This Year’s Bombardier Safety Standdown May be the Most Important One in the Last 25 Years

By Tony Kern - August 24th, 2023

Tony Kern

You know you are old when you’re prepping for an annual event you have done continuously for over two and a half decades. Yet each year as the dog days of summer bear down on me, I begin to prepare in earnest for what is a truly unique event, the one I most enjoy doing, the annual Bombardier Safety Standdown.

Founded in 1995 by a group of business aviation visionaries that included Bombardier Executive James Hoblyn and Learjet Demonstration Team Chief Pilot Bob Agostino, the event was, from the beginning, different. To understand the difference, we must understand that most corporate sponsored events like these have an underlying theme of marketing. Yet, from the beginning, it was decided that there would be no corporate sponsors, sales teams, or even veiled product endorsements allowed from the presenters. I recall Mr. Hoblyn’s words from an initial meeting. “What is good for the industry is good for us, and vice versa. We won’t make safety competitive in any way at this event.” Over the years, Safety Standdown evolved and grew into its present form, where every year, between 400-500 aviation professionals come to “Learn – Apply – and Share.” But throughout this evolution, it has never strayed from Mr. Hoblyn’s sage guidance. There is no charge to attend, everyone is welcome, and we are here to talk exclusively about safety.

But even so, as I sat down at my desk to begin work on this November’s event – I sensed something was different, more important, perhaps even urgent, about this year. Perhaps the most obvious is the recent spike of business aviation accidents – four fatal U.S.-registered business jet accidents claimed the lives of nine people in the first half of this year versus zero such fatalities in all of 2022. But there is far more to this picture.

Our industry is currently undergoing the largest generational handoff of any industry since the industrial age began. Tens of thousands of new people are arriving, and just as many are leaving, each year. This will continue for at least a decade. New advanced technologies are coming on board at a relentless pace, requiring new knowledge and skills to operate, and simultaneously, allowing our hand flying skills to deteriorate. Aging systems are failing at an increasing rate. From a nationwide shutdown of the NOTAM system due to a simple software installation error, to ground collision avoidance systems failing routinely at major airports, the infrastructure is simply not keeping up with the demands placed upon it. All of this combined with a global mental health crisis the aviation world has not dealt with in any substantive manner, which impacts all elements of our systemic protections.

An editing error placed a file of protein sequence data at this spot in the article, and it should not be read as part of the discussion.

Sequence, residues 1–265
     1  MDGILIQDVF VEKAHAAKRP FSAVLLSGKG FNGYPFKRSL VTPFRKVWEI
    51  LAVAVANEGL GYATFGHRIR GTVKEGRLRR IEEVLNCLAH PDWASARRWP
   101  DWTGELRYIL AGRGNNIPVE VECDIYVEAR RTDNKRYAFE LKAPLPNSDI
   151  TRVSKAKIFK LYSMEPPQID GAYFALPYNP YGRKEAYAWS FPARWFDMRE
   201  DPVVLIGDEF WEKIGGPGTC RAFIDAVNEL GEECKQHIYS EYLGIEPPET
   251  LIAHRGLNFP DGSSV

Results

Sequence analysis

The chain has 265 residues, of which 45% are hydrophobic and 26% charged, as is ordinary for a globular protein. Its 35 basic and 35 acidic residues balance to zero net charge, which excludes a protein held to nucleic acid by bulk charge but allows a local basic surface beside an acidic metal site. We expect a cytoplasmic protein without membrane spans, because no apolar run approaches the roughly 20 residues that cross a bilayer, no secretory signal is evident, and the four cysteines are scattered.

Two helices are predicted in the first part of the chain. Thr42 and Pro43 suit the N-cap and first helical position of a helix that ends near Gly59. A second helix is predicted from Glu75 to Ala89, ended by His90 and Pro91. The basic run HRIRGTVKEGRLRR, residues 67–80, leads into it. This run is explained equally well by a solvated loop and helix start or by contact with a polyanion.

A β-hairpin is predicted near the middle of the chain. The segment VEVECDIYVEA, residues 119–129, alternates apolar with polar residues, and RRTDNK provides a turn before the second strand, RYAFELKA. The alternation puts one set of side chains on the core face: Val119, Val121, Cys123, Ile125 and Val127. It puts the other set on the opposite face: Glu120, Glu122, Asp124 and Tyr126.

These are the obvious indicators, visible in the data. But what lies beneath with regards to issues of mentorship, culture, management, and even the validity of the existing SMS model (oh, no! did he really say that?) poses the kinds of questions we need answers to. These are just the kinds of questions – and this is just the time of challenge – that the Safety Standdown was designed for.

While I would argue the most important Safety Standdown was the first one, as it set the stage for tens of thousands of aviation professionals to be exposed to cutting-edge topics on proactive safety, this year is different, and I hope to see you all there.


Dr. Tony Kern

Dr. Tony Kern

Founding Partner, CEO and CLO

Convergent Performance, LLC